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Introduction: The purpose of this study was to document, classify, and analyze the rationale behind the use of abdominal radiography (AXR) by Emergency Department physicians (EDMDs) in the setting of acute non-traumatic abdominal pain.
Methods: A prospective observational cohort study of EDMDs in the diagnostic evaluation of patients with acute, non-traumatic abdominal pain for whom AXR was requested. Prospectively acquired data included the experience level of the EDMD, the provisional diagnosis prior to AXR, the likely impact of the results on the decision to order further imaging, and the EDMDs’ estimate of the likelihood of having a positive finding on AXR.
Results: Results from 169 patients were included. The most common provisional diagnoses provided at the time of ordering the AXR were obstruction (43%), constipation (14.8%), perforation (8.3%), non-specific abdominal pain (6.5%), renal colic (3.6%) and other (18.9%). The reason for ordering the AXR was to establish the provisional diagnosis (44.4%), to exclude a more serious diagnosis (33.1%) and other (20.7%). Overall 70.4% of AXRs were interpreted as normal, 23 (13.6%) of the studies were read as positive with 78% of these being positive for small bowel obstruction. An additional 27 (16%) studies were equivocal. In 40% of patients with an AXR, no CT was obtained later.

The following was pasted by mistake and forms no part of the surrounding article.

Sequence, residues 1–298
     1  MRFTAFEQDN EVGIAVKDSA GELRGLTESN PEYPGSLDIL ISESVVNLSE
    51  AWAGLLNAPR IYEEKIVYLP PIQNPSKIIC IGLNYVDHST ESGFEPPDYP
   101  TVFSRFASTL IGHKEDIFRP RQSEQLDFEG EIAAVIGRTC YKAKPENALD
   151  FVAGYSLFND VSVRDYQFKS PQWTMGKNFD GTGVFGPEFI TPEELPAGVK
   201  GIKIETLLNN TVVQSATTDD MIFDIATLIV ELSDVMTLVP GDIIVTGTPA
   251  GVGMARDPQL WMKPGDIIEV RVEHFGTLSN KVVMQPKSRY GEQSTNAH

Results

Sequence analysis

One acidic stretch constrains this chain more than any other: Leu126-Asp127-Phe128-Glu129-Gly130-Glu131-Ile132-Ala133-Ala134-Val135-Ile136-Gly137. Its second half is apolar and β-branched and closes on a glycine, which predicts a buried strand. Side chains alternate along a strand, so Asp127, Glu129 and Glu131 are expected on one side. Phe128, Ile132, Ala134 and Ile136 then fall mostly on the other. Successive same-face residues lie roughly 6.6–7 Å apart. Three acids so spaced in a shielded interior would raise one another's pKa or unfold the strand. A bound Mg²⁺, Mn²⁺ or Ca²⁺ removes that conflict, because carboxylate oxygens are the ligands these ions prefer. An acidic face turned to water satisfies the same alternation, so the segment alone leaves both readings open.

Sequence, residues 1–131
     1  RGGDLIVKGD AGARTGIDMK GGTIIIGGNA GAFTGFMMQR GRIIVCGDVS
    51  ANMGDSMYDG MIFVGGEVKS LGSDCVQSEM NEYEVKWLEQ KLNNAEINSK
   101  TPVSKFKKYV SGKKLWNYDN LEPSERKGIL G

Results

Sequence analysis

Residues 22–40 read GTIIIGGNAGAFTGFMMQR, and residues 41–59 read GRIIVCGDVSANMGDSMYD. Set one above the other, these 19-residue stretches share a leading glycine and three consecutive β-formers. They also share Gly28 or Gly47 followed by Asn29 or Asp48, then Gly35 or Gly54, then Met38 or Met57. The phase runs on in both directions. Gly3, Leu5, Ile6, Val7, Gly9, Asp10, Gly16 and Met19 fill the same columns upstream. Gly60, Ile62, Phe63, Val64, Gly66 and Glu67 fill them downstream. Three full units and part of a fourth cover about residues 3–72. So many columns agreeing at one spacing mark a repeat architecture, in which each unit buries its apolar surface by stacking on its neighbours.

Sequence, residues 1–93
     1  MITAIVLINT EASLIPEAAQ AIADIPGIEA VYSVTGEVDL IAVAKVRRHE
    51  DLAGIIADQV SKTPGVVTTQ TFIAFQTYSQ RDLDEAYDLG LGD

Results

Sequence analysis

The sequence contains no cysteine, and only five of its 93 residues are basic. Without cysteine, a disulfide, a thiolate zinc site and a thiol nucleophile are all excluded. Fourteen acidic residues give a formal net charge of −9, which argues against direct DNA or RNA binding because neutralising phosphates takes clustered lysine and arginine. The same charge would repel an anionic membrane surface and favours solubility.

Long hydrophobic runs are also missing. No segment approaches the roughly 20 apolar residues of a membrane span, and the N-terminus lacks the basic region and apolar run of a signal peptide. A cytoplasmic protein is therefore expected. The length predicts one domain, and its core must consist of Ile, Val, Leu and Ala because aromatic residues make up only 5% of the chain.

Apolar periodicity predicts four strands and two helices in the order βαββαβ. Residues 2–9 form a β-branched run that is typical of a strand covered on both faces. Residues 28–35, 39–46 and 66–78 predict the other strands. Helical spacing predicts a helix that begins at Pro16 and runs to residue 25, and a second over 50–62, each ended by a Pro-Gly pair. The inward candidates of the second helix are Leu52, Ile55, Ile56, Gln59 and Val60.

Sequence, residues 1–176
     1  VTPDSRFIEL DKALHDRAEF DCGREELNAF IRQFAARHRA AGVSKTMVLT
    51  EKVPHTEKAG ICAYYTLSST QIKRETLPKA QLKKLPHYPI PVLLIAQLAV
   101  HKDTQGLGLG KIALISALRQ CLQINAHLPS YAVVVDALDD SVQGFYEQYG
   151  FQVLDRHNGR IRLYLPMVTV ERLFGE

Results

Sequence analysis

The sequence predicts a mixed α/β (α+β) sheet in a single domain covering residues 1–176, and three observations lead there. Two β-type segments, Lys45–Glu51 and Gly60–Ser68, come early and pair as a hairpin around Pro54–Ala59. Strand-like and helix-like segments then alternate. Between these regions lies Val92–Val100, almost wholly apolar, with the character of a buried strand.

Conclusion: Physicians’ pretest probability of a positive finding was found to increase the likelihood of a positive AXR. By limiting the use of AXR to specific diagnoses and guided by the physician’s own determination of likelihood of positive results, imaging resources might be able to be used more efficiently, decreasing patient’s length of stay, radiation exposure, and technician’s and physician’s time.